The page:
I’ve created a 3d object on the GUI node and trying to rotate each axis of this object exact amount camera has rotated. (Trying to create something like 3D Orientation model which points where camera is looking at). I’m doing following code:

Quaternion rotation = camera.getRotation().clone();

float[] angles = rotation.toAngles(null);

float xRotation = angles[0];

float yRotation = angles[1];

float zRotation = angles[2];

Quaternion x = new Quaternion();

x = x.fromAngleAxis(xRotation, Vector3f.UNIT_X);

Quaternion y = new Quaternion();

y = y.fromAngleAxis(yRotation, Vector3f.UNIT_Y);

x = x.multLocal(y);

Quaternion z = new Quaternion();

z = z.fromAngleAxis(zRotation, Vector3f.UNIT_Z);

x = x.multLocal(z);

node.setLocalRotation(x);

And works fine… to a point. I get a angle value jump on Z axis around 0 and PI. I did some digging and it looks like toAngles method calls asin method which to my understanding has a different pi range from atan2.

I was thinking what are my options? Was trying to come up with some sort of normalization function but it just won’t click in my mind.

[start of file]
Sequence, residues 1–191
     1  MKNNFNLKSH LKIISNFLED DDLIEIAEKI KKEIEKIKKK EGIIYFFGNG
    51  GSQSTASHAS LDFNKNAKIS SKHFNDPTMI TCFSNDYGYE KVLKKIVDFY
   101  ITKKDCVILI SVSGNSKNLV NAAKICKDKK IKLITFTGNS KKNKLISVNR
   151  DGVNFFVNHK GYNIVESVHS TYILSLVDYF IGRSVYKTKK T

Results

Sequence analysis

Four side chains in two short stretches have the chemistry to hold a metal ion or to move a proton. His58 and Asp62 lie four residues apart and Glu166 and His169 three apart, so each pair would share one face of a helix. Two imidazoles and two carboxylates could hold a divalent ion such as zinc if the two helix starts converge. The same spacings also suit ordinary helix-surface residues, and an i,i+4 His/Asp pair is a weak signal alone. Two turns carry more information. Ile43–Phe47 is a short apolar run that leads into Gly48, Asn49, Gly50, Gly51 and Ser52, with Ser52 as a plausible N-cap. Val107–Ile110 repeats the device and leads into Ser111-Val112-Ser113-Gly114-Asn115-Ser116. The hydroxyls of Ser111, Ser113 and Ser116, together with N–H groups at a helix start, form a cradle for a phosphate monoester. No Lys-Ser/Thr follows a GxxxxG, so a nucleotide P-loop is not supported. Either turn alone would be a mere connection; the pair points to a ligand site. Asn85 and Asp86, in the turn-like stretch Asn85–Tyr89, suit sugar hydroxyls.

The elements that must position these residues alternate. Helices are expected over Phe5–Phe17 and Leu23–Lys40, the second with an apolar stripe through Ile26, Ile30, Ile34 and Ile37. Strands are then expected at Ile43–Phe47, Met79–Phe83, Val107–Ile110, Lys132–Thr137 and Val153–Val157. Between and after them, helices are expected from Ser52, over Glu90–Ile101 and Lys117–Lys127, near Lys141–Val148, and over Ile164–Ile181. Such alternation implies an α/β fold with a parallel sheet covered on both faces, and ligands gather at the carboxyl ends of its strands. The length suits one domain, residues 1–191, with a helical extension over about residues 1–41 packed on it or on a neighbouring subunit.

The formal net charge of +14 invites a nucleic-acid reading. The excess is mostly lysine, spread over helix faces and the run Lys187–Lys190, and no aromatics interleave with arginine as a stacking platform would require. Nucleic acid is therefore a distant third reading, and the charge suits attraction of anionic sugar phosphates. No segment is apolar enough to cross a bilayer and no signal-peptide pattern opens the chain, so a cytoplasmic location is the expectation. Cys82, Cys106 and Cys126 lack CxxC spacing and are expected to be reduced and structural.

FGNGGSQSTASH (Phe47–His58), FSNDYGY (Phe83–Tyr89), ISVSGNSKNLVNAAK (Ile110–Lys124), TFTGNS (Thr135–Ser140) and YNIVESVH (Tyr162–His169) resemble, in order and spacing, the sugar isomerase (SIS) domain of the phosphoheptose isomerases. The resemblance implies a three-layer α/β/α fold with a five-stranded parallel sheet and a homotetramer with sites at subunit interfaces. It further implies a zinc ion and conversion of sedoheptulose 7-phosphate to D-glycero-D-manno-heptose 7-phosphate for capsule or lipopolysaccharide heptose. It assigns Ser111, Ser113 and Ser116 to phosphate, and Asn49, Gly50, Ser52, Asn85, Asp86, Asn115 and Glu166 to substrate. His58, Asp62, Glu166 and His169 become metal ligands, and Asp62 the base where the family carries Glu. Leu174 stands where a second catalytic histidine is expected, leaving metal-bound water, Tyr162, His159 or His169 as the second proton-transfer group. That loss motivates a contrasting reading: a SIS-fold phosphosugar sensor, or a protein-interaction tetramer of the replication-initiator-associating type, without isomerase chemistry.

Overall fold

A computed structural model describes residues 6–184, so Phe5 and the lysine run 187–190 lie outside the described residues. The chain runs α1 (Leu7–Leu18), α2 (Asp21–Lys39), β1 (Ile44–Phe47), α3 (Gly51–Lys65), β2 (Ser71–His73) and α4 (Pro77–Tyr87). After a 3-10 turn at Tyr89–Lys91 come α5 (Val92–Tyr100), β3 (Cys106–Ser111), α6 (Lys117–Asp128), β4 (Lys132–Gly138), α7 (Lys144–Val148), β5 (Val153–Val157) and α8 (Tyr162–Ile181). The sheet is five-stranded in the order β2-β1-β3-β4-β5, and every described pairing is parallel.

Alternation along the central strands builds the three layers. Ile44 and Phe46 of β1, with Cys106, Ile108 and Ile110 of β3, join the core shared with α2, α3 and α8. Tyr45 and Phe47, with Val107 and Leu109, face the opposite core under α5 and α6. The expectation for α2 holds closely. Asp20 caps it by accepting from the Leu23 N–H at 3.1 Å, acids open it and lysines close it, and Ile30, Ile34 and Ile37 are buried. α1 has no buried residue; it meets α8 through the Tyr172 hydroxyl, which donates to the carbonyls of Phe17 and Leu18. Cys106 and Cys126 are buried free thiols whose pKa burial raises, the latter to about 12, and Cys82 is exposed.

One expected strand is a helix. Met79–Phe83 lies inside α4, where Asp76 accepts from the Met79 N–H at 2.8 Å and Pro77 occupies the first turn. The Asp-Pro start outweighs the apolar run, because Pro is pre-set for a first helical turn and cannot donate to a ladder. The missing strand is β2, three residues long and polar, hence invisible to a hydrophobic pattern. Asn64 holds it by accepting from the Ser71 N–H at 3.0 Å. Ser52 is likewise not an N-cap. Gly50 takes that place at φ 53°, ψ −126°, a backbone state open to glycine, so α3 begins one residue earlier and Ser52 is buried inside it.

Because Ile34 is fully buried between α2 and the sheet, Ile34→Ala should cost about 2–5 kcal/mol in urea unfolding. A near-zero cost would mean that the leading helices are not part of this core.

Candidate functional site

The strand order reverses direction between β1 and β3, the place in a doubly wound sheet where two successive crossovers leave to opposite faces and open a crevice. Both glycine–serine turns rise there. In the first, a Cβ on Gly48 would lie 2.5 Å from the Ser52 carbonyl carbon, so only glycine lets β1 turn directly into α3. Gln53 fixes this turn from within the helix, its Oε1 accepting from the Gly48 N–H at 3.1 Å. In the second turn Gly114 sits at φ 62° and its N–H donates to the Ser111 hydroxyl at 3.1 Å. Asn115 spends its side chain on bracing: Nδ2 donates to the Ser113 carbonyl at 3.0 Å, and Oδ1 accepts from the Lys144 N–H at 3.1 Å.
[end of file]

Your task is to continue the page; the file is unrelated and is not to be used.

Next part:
Any help is appreciated

Curious… why not just set the rotation rather than manually recreating what should effectively be the exact same rotation you started with?

node.setLocalRotation( camera.getRotation() )

…what does that fail to do that you need?

I need to rotate an object around axis similarly to what blender does for orientation. I believe set local rotation would rotate it around node center (will make it look up down left and right) not quite behavior I expect

Well, it looks to me like the code above does:

- get camera rotation

- deconstruct camera rotation into euler angles

- reconstruct the original rotation by recombining the euler angles.

- set this to the local rotation of the node.

The rotation has nothing to do with the point about which it rotated. That is all up to the way a rotation is applied during transformation (ie: before or after translation) Steps 2 and 3 are in theory completely unnecessary… like the equivalent of adding five only to subtract it again.

If you just wanted it rotated around one axis (which would still be through the center of the node, by the way) then I could understand it… but rotating around all three should be an error-prone version of the original rotation.

Have you tried just using the camera rotation? If so, what was the behavior that was undesirable?

Just to reiterate: an axis vector has no position… but neither does a rotation.